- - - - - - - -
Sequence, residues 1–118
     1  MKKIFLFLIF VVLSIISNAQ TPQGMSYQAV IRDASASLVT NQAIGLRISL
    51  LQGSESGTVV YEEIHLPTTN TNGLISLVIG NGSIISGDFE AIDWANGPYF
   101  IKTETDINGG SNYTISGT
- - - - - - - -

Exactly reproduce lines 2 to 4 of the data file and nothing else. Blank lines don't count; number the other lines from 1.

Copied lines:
     1  MKKIFLFLIF VVLSIISNAQ TPQGMSYQAV IRDASASLVT NQAIGLRISL
    51  LQGSESGTVV YEEIHLPTTN TNGLISLVIG NGSIISGDFE AIDWANGPYF
   101  IKTETDINGG SNYTISGT